Five minutes with Stefano Domenicali

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STEFANO Domenicali is a bloke with a long and storied history in the automotive realm. Having worked with Ferrari since his university graduation in 1992 until the end of a six year stint as Formula 1 team principal in 2014, he then jumped ship to Audi and took up a role at Lamborghini.

Today, the 51-year-old is chief executive officer at the iconic sports car manufacturer, a position he has held since March 2016. As a proud Italian, he speaks about his work with passion and with his hands. Wheels sat down with the man to talk sports cars, motor racing and the next generation.

Wheels: Lamborghini has a reputation built on epic engines and dramatic styling. How do you balance that heritage and commitment to tradition while maintaining relevance in this era of innovation?

Stefano: “We cannot ever sleep. We want to be different. We are Lamborghini, you know? If we follow the route of the others, we will never be different.

"We are not against the technological revolution; we have an attention to this revolution. The key of being successful in this condition that is changing so quickly is to be flexible. The business cycle is done in such a way that as soon as the new technology is ready, then of course it’s time to change, without waiting a second.

"In that respect there is an important project that we have just started with MIT [Massachusetts Institute of Technology] to think about the supercar. I’m sure that within this year we are going to have some new ideas on which we can work to project the shape of the Lamborghini of 2035 onwards. This is our duty, to think ahead."

W: We have seen hybrid performance cars from competitors like Porsche, Ferrari, McLaren and now Mercedes-AMG has something on the way. Is there risk Lamborghini might be left behind?

S: "I don’t think so. I have a way of saying that the pitch of football is quite big. If everyone is following the ball there will be a lot of congestion. So there is space for us to be different.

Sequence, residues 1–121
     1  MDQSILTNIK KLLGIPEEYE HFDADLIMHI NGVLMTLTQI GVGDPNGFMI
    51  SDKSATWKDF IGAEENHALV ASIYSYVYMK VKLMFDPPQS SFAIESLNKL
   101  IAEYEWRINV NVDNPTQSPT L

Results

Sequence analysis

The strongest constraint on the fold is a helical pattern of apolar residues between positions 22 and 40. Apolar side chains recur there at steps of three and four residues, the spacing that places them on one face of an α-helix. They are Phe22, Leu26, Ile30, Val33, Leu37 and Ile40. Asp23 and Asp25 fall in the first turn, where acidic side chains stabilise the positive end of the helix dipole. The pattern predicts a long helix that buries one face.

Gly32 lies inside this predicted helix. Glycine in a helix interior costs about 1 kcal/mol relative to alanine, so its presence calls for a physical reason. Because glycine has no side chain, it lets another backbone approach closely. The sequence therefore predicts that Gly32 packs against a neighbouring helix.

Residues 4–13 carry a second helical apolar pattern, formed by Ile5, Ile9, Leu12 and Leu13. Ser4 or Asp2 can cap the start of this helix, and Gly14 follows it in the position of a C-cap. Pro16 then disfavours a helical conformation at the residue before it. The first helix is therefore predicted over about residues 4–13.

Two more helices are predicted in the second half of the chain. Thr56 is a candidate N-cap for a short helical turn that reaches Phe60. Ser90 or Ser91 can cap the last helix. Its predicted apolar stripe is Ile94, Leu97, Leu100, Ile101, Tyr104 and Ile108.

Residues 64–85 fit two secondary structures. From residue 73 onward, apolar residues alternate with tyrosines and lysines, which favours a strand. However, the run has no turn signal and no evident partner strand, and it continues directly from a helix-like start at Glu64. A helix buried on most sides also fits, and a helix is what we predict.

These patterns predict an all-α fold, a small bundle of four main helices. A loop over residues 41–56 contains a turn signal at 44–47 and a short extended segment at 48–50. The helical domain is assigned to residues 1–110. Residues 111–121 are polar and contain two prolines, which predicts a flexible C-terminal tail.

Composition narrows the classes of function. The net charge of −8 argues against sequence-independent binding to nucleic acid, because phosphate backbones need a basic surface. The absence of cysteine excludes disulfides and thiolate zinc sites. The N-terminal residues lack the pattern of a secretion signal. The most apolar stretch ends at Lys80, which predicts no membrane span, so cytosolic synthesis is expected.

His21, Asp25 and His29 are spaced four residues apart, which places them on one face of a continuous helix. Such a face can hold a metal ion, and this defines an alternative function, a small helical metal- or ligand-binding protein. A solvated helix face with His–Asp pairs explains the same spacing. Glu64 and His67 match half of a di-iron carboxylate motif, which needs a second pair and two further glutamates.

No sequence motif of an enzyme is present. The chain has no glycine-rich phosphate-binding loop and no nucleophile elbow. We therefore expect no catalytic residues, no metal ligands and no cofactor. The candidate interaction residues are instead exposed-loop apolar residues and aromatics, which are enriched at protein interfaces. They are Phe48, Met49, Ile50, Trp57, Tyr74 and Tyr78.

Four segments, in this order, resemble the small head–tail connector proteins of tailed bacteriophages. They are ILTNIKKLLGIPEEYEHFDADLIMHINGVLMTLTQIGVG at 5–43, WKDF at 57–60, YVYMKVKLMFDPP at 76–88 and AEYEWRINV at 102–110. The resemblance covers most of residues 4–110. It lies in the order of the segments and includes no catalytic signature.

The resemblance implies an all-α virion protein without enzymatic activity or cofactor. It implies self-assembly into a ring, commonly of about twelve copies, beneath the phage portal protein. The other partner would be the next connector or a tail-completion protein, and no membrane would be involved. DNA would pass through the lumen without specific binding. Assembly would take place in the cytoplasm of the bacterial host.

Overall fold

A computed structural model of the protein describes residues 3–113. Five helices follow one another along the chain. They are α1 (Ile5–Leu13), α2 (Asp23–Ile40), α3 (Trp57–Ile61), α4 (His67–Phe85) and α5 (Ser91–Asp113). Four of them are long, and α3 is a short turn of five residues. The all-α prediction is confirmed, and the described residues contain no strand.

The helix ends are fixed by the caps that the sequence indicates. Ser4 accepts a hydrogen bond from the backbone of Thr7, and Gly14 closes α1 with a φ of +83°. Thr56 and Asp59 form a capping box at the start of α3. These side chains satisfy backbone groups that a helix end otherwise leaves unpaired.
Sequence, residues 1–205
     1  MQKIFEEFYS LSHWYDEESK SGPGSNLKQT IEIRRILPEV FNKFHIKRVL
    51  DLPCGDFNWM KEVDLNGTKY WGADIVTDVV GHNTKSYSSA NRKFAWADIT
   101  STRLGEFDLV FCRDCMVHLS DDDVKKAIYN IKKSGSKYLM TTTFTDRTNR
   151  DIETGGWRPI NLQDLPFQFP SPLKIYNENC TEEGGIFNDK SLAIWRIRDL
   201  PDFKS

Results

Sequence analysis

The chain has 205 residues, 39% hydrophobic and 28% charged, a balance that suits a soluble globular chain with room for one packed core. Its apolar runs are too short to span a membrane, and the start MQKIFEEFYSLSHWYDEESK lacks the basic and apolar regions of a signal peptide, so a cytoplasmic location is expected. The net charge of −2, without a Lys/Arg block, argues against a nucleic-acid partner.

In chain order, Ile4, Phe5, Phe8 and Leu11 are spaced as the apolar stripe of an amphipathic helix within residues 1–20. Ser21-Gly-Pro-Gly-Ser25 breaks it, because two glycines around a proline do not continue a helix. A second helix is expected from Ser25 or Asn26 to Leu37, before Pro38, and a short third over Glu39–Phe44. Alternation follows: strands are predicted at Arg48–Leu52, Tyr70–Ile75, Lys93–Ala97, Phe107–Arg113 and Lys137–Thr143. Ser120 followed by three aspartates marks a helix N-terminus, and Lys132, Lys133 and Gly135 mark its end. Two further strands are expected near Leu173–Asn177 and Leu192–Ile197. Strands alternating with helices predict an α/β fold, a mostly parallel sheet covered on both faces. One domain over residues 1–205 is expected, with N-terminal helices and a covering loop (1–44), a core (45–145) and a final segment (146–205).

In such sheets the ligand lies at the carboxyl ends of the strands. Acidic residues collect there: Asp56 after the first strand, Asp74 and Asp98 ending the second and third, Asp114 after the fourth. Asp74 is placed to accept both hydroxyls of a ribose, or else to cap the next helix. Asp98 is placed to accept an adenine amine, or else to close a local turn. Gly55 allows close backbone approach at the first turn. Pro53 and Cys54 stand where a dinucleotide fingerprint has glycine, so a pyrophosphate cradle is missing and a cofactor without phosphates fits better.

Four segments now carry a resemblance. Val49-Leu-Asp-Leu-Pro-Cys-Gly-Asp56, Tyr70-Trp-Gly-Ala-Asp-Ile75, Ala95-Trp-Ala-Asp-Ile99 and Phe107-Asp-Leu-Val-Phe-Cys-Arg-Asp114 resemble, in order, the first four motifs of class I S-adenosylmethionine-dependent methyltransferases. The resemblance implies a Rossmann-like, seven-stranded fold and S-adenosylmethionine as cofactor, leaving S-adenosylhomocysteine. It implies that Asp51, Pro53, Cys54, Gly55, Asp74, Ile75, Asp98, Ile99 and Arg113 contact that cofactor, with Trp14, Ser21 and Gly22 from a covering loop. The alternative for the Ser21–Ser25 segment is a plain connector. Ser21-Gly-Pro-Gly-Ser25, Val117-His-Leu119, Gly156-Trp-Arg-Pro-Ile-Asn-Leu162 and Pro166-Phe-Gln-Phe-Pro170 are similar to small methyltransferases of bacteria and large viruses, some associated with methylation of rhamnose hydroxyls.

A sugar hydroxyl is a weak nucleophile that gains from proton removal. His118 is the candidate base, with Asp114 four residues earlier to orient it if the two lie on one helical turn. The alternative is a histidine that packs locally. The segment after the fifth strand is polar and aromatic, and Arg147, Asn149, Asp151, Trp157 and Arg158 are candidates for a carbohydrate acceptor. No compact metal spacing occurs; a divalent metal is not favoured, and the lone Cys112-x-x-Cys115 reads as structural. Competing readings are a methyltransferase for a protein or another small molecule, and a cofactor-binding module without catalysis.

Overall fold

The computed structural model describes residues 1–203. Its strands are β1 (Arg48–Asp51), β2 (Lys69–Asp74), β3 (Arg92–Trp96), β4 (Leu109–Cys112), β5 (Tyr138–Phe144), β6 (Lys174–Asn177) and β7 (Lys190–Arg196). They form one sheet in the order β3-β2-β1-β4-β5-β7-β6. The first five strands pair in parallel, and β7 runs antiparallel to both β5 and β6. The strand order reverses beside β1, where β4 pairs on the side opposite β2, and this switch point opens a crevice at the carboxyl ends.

"In saying that, I cannot deny that we are looking at what is happening and what will be the evolution. For example, in the discussion of what will be the future of the Huracan, that’s on the table for discussion. This is part of the strategic approach that we have to have.

"I believe that Aventador will remain a very, very specific car, which needs to be totally different because it will remain our reference if we want to be Lamborghini. Then Huracan, or whatever we call it, for sure will be discussed. We are talking about it internally, what will be the right power unit, the right power train."

W: How do you carve out a unique identity for Lamborghini from the wider VW group you share quite a lot with?

S: "The more we go towards electrification the more the technical base of all the cars will be the same. Each company needs to think what is the differentiating factor on which [a customer is] going to buy when underneath it’s almost equal.

"On our side it’s important we stay different in terms of lines and technology. If we all jump into that specification the question our customers will raise is ‘why are we there?’ when there are so many things that are almost the same.

"It’s our aim together with the group to be the stimulator of discussion. It’s really to see how we can potentially stay unique. The next years are crucial because if you give the possibility for our brand to grow and to be stable with a solid foundation then we’ll be in a position to be more autonomous in terms of investment.

"So we are in a way in a moment where we are in very positive position for Lamborghini. I have the duty and responsibility to make sure that everyone understands what is the meaning of this growth and change, because if we miss that it will be a problem."

W: Coming back to the brand’s history, how do you look forward when the past is so important?

S: "The more that I see society growing and changing, the more to be hooked to the past is difficult. For us it is essential. We have our credibility through that foundation and that’s why we need to always look behind to be correct on what we’re doing now. Evolution is the base of our approach. It’s a heavy weight to have on the shoulders but with our brand it’s the only way to be successful in the future.

"All the lines of the old cars, all the thinking behind the old cars is there as a reference for the future.

"Now the challenge is that the young generation is part of our brand more and more. We know that there are two, let’s say, specifications for the young generation: the ones that do not give value for the heritage and the others who are giving value."